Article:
No implied retainer between law firm and businessman


Snowden: No evidence to suggest claimant had retained the firm

There was no implied retainer between a businessman who found himself on the wrong end of an expensive short-term loan and the law firm acting for the lender, the High Court has ruled.

Dismissing a professional negligence claim against Yorkshire firm Lupton Fawcett, Mr Justice Snowden said that no time did businessman Dashrathbai Nayee “make even the most basic inquiries” about the law firm that he argued was acting for his company.

Snowden J said Mr Nayee “did not even inquire or have any idea of the identity of the particular solicitor at Lupton Fawcett who was to deal with the transaction” on behalf of his company, NDH.

The High Court heard in NDH Properties v Lupton Fawcett [2020] EWHC 3056 (Ch) that NDH took out a short-term loan of about £350,000 in May 2012 from Amalgamated Finance Limited, represented by Lupton Fawcett.

The loan was secured by a charge over a commercial property in Preston. Its purpose was to enable Mr Nayee, sole director of NDH, to pay off an existing loan of about £282,000 to Yorkshire Bank, secured over the same property.

Yorkshire Bank had appointed receivers, who received offers to buy the property. The new loan enabled Mr Nayee to pay off the debt and terminate their appointment.

However, NDH could not pay off the new loan when it matured three months later, its value having risen to £390,000 as a result of interest and fees. Amalgamated appointed receivers and sold the property for £751,000 in March 2013.

By the time of the sale, under the provisions on default interest and fees set out in the loan agreement with Mr Nayee, the loan had almost doubled in size to over £647,000. NDH received less than £62,500, after receivers’ and agents’ fees were paid.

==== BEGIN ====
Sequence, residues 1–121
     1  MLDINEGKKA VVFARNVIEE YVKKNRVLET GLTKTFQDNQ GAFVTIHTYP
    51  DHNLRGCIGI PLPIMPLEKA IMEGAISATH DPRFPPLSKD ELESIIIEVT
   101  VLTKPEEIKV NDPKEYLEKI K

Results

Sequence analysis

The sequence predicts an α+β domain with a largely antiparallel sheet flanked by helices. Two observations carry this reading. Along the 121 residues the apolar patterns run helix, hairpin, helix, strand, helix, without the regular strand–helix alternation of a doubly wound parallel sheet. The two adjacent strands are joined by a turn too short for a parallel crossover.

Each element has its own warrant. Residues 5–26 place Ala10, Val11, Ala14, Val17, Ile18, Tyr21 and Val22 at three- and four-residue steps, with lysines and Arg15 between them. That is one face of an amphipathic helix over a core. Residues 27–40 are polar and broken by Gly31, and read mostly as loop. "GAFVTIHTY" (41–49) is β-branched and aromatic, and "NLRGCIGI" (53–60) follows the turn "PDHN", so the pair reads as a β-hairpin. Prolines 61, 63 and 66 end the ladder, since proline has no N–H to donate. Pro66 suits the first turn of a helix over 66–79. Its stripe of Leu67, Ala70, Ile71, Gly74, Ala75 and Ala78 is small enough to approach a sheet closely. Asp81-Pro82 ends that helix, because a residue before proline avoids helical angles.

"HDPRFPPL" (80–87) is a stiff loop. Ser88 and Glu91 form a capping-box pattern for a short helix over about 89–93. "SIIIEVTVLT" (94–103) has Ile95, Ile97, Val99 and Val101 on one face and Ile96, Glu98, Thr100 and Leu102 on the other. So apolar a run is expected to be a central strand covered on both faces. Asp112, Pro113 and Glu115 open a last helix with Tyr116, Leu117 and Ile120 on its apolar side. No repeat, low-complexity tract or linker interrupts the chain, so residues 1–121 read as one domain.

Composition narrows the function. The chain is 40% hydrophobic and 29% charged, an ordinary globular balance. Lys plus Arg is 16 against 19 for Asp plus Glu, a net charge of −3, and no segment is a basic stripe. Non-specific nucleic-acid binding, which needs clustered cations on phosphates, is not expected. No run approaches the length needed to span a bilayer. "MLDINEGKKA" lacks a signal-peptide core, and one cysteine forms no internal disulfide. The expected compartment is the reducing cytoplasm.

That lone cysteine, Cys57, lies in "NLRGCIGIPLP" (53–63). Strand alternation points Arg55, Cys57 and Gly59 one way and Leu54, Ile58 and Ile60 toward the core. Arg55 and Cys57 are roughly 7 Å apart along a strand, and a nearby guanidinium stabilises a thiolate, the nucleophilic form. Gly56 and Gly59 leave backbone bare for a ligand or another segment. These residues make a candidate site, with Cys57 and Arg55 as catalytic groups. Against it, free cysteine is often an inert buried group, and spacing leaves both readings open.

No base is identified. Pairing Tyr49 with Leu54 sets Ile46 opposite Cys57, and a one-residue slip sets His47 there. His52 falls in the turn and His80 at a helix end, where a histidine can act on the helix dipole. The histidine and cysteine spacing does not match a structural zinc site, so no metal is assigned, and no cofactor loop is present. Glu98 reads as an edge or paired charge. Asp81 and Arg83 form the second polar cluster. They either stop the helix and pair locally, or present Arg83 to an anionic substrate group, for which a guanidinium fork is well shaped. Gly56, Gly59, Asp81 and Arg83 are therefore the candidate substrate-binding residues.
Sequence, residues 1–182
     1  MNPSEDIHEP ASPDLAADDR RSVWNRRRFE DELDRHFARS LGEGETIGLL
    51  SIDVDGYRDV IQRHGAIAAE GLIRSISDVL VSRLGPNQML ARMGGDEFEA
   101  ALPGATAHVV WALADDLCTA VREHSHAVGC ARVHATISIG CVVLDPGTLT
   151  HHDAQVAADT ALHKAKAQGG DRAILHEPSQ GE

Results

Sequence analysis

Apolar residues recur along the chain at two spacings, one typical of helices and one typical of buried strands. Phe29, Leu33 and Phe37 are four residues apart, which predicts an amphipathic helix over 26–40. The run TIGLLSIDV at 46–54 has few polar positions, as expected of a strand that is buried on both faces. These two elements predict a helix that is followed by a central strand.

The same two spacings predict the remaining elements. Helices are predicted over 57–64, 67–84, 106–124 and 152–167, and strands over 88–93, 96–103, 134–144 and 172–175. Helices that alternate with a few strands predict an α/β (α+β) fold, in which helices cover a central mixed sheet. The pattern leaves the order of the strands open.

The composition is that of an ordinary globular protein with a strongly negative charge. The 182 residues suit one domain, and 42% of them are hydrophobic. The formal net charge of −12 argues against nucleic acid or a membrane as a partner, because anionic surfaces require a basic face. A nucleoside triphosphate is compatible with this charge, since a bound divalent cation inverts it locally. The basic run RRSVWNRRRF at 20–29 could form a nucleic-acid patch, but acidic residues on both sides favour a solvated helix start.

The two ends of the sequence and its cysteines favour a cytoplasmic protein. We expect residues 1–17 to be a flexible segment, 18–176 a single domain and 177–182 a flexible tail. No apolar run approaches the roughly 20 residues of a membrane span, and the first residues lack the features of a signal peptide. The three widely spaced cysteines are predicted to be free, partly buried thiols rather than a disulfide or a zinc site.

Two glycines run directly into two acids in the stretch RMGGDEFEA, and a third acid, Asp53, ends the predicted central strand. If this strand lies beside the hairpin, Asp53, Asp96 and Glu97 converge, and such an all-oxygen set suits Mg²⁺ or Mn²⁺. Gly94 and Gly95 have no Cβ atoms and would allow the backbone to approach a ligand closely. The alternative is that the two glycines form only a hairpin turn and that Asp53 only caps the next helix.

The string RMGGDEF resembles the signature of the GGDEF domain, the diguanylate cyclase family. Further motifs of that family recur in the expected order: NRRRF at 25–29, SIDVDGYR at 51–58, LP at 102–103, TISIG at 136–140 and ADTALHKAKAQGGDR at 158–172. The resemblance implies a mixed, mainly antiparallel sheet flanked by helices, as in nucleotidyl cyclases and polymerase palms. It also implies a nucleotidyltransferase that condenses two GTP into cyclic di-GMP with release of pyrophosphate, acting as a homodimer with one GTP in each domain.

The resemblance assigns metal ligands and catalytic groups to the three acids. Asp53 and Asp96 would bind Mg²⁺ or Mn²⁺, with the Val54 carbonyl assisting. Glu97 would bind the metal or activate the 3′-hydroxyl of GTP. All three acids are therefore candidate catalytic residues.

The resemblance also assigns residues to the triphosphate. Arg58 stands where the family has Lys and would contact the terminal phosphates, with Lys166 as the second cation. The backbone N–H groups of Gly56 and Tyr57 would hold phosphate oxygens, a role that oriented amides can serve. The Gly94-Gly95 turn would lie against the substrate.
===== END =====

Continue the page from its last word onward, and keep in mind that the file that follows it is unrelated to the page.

NDH argued that Lupton Fawcett was implicitly retained to act for it as well as Amalgamated and should have advised against taking out the loan.

Mr Nayee had originally been introduced to Amalgamated as a potential lender to NDH by a related company, The Bankruptcy Protection Fund Ltd (BPFL), which instructed Lupton Fawcett to act on secured loans to bankrupts to assist them in obtaining an annulment of their bankruptcies.

In a letter of authority to ‘whom it may concern’, Mr Nayee gave “formal instructions” to BPFL and Lupton Fawcett to act on his behalf, and to take all necessary steps to stop bankruptcy proceedings.

Snowden J cited several reasons for finding no implied retainer, including that before the loan there had been “no prior relationship of any sort” between Lupton Fawcett and NDH or Mr Nayee.

The letter of authority did not give instructions to Lupton Fawcett to act for NDH on the loan – indeed, it failed to mention NDH at all.

The judge said that “at no time did Lupton Fawcett itself send any letter, email or other communication” that might have signified that the firm had accepted any instructions to act for NDH.

Snowden J said Mr Nayee never asked Lupton Fawcett for any advice or assistance for NDH until he asked for a copy of certain Land Registry documents well after the loan had been advanced.

The judge said there was “simply no documentary evidence and no conduct of the parties which, when viewed objectively, supports the inference that Lupton Fawcett had agreed to be retained to act as solicitors for NDH in relation to the loan transaction”.

NDH argued in the alternative that the law firm owed it a duty of care to give advice on the loan, or “at the very least to warn” that it was not acting for the company.

The judge concluded that Mr Nayee “was not actually relying, or could not reasonably have been relying, on Lupton Fawcett for advice on the financial merits and commercial risks” of the loan.

Nor would it have been reasonable for Lupton Fawcett to think that the businessman was relying on the firm to advise NDH on the benefits and risks of the loan.

On the question of whether the law firm was under a duty to warn Mr Nayee that it was not acting for NDH and that he ought to seek independent advice elsewhere, Snowden J said he could not see “on what basis a solicitor has a free-standing duty in tort to tell the party on the other side of a commercial transaction to get independent advice”, particularly “if it already appears that the other party has such advice”.

He dismissed NDH’s negligence claim.




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